Reading George Ella Lyon’s Where I’m From, I came across this statement: “The truth is, play and work are not opposites.”
That resonated with me because for much of my life I have been accused of not playing enough, of being too serious. “Lighten up,” they tell me. “You don’t need to not work so hard! You should have more fun!” I’ve tried to explain to people who tell me that, what’s fun for you is not necessarily fun for me, and vice versa. When I am working on something I enjoy doing–for example, writing or even analyzing data, I am experiencing a depth of enjoyment that is as much of a rush as when others engage in more familiar enactments of play. I feel that same flood of dopamine as does a person playing a game of baseball or another knitting or crocheting.
Lyon asks us to look at the visages of children who are playing at building things or acting out stories they know. Their faces are intent and, yes, serious. Their actions are planned, intentional. This is important work for them that we, perhaps in error, call play. She says that we begin to lose the sense of this kind of work/play as we approach puberty and become sensitive to the fact that others are judging us by what we do. Thus, she says, we “rush to judge ourselves first in hopes of measuring up.” This is when we start accepting the ideas of others as to what is work and what is not. The “adult” dichotomous attitude seems to be that work is drudgery and play is fun. This attitude, Lyon goes on to explain, stifles creativity.
My personal belief is that the root of creativity is wonder. I remember being astonished as a new teacher when I asked my students “Do you ever wonder if…” and they looked at me with blank stares. By 7th and 8th grades, they had already internalized the concept that questioning what is or why is unacceptable. In order to create, we must never cease to be amazed at the world and the people around us. We must never stop asking, why is it this way? How do I feel about this? What can I, should I, do about it?
Poetry is a way of doing that. Poetry is harnessing the affordances of language to touch another soul about something important to humanity, and it takes work and creativity. But it’s also the highest form of play I know. Lyon also recommends that we play/work with the seemingly mundane things around us, searching for deeper meaning in them–an old shoe, a childhood memory, a routine activity. Playing with it may require some serious thinking (work) to find just the right words, the rhythm and cadence of those words, what they will sound like when spoken–because poetry is meant to be heard, more than read. (I have a strong belief that poetry existed before the written word.) But the work is really play–trying out new ways of saying something important, just as a child tries a block here or there to see how it fits, or as a knitter tries out different ways of stringing together the familiar stitches.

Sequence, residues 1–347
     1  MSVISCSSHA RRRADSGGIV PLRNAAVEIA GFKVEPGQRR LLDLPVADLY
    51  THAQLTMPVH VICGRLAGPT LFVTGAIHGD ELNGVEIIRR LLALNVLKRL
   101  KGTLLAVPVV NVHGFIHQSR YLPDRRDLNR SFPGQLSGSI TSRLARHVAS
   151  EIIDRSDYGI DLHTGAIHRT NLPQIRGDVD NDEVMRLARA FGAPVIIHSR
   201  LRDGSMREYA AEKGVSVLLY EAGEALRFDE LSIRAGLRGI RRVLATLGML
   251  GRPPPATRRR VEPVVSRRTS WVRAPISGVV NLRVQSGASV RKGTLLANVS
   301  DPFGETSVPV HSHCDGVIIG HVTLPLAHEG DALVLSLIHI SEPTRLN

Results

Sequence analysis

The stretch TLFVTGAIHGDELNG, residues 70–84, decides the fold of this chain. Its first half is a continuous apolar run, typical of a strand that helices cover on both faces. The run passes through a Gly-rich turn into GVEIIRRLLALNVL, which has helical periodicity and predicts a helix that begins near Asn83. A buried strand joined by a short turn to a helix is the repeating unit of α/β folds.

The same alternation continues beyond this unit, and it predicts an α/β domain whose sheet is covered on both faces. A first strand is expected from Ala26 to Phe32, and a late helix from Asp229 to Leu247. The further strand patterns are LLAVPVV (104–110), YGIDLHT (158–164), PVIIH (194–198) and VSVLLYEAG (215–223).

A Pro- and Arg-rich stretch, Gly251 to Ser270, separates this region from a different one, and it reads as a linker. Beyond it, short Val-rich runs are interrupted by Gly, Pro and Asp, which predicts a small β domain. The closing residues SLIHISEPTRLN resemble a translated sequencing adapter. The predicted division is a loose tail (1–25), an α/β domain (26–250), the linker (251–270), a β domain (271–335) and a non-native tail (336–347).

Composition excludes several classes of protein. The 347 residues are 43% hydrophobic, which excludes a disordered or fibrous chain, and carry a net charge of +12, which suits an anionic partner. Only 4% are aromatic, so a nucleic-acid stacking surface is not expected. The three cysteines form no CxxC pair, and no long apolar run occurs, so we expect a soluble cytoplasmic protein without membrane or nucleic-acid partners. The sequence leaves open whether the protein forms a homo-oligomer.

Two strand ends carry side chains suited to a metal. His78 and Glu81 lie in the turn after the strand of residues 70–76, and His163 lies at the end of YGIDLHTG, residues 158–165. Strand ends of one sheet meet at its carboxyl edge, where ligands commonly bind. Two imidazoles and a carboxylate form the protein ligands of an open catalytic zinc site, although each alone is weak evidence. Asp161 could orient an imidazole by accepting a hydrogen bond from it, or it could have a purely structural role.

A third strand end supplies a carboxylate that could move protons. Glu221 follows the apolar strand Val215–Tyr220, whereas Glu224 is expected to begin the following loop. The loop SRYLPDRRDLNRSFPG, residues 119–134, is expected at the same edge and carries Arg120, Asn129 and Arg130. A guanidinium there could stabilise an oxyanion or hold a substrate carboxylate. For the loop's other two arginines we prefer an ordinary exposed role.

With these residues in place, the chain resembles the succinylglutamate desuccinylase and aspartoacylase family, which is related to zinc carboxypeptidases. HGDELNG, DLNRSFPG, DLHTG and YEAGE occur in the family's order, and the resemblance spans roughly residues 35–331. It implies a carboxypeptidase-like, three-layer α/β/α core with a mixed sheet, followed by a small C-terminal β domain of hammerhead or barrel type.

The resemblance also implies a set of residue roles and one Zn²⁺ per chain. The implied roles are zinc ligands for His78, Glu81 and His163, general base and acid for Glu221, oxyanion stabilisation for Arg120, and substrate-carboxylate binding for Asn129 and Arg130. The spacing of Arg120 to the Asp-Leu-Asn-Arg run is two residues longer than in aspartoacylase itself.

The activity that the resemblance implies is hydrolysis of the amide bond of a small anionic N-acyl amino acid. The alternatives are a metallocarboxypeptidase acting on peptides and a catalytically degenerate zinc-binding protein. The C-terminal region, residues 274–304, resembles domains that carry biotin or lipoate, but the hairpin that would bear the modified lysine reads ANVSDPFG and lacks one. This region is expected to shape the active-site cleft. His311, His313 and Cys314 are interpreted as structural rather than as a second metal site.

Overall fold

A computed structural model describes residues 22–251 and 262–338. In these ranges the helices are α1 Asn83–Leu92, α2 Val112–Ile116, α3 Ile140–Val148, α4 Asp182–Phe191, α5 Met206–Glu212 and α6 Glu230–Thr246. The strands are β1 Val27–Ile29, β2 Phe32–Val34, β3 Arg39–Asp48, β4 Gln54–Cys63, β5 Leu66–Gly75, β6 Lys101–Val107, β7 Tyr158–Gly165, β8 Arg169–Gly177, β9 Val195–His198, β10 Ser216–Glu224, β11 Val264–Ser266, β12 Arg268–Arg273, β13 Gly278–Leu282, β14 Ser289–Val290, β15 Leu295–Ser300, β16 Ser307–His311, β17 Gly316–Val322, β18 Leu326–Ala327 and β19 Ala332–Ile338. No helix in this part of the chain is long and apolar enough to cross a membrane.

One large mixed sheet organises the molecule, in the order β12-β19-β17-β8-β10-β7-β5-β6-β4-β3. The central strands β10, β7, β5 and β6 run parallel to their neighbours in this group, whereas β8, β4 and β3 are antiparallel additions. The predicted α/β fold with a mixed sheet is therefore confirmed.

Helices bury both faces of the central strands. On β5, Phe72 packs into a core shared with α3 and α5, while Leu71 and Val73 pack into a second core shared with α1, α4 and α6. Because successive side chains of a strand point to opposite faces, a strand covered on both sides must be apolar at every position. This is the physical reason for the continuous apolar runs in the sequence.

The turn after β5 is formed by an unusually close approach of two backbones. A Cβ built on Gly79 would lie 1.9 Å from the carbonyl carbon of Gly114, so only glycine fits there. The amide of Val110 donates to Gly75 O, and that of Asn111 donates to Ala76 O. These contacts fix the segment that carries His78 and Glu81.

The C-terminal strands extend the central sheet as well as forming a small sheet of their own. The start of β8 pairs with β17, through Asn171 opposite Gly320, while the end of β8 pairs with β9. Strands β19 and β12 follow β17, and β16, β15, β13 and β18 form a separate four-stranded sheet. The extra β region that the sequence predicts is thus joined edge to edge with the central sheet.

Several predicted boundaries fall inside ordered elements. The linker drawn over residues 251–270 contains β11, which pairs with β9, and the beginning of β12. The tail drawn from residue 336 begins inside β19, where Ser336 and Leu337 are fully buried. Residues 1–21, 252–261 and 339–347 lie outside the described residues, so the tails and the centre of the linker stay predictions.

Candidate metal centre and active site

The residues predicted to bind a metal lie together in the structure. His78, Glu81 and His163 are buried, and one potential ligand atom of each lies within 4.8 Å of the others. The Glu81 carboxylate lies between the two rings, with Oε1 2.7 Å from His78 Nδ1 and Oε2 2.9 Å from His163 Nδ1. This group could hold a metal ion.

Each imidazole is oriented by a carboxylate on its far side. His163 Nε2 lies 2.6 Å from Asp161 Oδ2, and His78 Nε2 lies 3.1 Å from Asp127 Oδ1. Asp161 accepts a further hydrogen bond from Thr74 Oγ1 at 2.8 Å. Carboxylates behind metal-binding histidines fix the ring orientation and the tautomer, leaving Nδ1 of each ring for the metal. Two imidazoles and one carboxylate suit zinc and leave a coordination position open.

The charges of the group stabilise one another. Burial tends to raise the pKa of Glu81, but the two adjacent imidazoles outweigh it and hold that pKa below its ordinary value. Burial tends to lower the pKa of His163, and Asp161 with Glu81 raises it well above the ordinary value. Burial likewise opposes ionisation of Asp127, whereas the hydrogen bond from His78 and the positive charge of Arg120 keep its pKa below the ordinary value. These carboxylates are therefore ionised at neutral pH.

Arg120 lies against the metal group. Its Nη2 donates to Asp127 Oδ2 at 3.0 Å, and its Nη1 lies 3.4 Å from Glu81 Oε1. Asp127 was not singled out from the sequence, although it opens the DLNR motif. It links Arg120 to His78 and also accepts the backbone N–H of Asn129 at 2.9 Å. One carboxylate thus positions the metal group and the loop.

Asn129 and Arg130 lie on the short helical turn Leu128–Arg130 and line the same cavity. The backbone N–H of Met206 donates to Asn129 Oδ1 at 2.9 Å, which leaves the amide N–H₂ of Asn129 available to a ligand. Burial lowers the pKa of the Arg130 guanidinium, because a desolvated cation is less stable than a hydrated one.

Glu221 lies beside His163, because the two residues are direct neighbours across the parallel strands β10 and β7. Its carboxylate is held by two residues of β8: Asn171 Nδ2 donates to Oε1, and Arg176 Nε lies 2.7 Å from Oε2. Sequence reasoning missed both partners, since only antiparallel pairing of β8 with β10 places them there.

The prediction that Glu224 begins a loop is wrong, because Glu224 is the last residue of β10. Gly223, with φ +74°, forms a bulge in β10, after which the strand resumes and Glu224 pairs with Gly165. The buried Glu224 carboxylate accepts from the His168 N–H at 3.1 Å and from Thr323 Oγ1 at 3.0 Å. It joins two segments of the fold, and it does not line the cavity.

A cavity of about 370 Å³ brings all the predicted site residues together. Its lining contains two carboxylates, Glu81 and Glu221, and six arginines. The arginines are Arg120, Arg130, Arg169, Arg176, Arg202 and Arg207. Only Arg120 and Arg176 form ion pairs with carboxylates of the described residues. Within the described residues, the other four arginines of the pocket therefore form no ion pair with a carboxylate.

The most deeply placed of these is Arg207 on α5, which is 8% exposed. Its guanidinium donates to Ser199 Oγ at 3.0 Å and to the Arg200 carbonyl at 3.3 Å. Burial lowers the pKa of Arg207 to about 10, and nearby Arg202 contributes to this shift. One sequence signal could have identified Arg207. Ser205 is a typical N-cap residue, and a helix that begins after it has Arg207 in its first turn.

But I also think poetry is a way of processing and dealing with important, life-altering events that we experience. Then it is a work/play experience, rather than the other way around. The work here is sorting through the thoughts to make sense of them, but playing with the words that mean those thoughts often allows us to recognize important insights about those experiences.
A number of years ago, I lost a good friend. Annie Weed was a fellow church member who hosted our Bible studies. She had lost her husband before I came to know her, but she was anything but your little old widow lady! She was vibrant and optimistic and always had a smile and a laugh for everyone. Then she died. It was unexpected, shocking. We were all caught off guard by the sudden finality of her death.
I remember driving home from work a day or two later and coming to the intersection where I turned onto Liberty Grove Road. The tree was gone! The huge old cottonwood that had stood facing that intersection as long as I had been coming this way had been unexpectedly bulldozed down to clear the land for a new housing development. There, instead of a friendly old landmark, was a ravaged and empty stretch of barren land in front of me. It was shocking. Somehow in my mind the tree and Annie were connected. I had two losses to deal with, and I dealt with them by writing a poem that helped me process them both. The missing tree became a metaphor for Annie as I carefully worked to find just the right words to reflect my thinking.
So, I may not be a prolific poet like George Ella Lyon, but I am a poet. Because all it takes to be a poet is to pay close attention to the objects and events around you, wonder about them, and find the most precise metaphors available to tell about them within the parameters of the kind of poem that seems to fit. Is it work or is it play? Or is it both, as Lyon maintains? You decide, but I can tell you that working to write Annie’s poem filled me with a sense of release and fulfillment that was real and pleasurable, much akin, I think, to what a skier feels rushing down a mountain or a potter shaping a new bowl on a wheel. It’s my kind of fun.